I am not proposing that we substitute technical practice for political struggle. There is a dangerous attitude, common among some technologists, that the former will yield the latter. This attitude has surfaced most recently and viscerally among proponents of blockchains and related web3 technologies. To paraphrase Amir Taaki, these technologists want to do a revolution, but they think they can party while they do it because their technology will do the revolution for them. That’s never how it works. It did not work for the techno-utopian designers of the early internet, and if this community—even its best members—aren’t careful, they will deliver their technologies to the same state and capital interests as their predecessors, a dynamic we have seen in recent web3 hype cycles.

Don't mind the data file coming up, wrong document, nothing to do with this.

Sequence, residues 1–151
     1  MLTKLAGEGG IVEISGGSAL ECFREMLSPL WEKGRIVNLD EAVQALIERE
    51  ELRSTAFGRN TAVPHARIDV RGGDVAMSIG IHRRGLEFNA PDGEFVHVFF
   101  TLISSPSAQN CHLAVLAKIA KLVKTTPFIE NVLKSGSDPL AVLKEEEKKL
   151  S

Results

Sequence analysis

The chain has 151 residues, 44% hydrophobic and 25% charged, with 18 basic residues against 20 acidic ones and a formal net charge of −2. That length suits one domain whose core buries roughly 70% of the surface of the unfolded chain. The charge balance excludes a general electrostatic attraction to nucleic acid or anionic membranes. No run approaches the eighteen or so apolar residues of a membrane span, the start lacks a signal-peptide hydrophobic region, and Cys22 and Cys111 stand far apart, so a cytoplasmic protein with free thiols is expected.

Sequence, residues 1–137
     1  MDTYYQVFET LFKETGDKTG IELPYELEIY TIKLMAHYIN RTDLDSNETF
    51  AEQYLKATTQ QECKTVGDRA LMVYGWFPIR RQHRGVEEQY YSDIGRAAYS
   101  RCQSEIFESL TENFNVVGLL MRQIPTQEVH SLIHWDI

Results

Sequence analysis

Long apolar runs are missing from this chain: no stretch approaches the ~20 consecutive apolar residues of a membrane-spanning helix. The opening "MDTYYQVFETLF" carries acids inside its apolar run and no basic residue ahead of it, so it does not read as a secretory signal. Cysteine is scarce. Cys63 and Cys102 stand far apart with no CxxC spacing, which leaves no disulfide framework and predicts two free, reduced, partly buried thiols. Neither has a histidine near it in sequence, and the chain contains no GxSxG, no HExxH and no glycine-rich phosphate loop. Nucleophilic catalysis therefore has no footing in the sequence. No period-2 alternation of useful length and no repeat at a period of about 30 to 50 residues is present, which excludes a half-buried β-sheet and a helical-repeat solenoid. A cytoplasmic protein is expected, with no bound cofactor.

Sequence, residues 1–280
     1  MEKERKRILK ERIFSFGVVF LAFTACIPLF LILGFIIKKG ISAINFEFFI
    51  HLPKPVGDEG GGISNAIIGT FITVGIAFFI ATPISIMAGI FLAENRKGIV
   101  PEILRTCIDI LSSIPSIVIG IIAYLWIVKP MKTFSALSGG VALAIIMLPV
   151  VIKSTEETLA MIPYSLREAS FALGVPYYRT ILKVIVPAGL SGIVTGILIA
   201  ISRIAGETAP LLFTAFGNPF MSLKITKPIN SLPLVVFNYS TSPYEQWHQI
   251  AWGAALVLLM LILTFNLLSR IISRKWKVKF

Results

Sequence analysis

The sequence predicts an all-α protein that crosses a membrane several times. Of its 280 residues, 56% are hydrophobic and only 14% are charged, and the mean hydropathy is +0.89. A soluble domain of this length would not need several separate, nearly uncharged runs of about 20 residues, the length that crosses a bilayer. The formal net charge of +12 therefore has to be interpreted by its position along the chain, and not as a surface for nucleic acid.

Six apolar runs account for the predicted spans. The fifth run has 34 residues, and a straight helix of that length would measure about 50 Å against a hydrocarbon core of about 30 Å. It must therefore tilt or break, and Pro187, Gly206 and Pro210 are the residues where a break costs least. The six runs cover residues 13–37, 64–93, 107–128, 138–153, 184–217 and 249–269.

Indeed, the vision I share has a dark mirror. While I intend to coach a new generation of theorist-activists, both nations and corporations are also likely to create the sort of governments I describe. They will fashion these governments after their own interests—profit and power. As this dark mirror illustrates, the problems facing our institutions are not technological nor even economic, but political.
My proposal is a method for fermenting a new politics from the grassroots—a method for political struggle. This method embraces certain aspects of ongoing technical practice, both due to their technical affordances and to their situatedness in ongoing economic struggles. But the end is a politically activated citizenry and a meaningfully democratic society. Technical practice is part of the means. Call it a tactic.
All works have a particular moment of inevitability. This one’s came in the fall of 2019. At that time, people were concerned about “the splinternet.” According to TechCrunch, the splinternet was “already here.” According to Fortune, it was growing.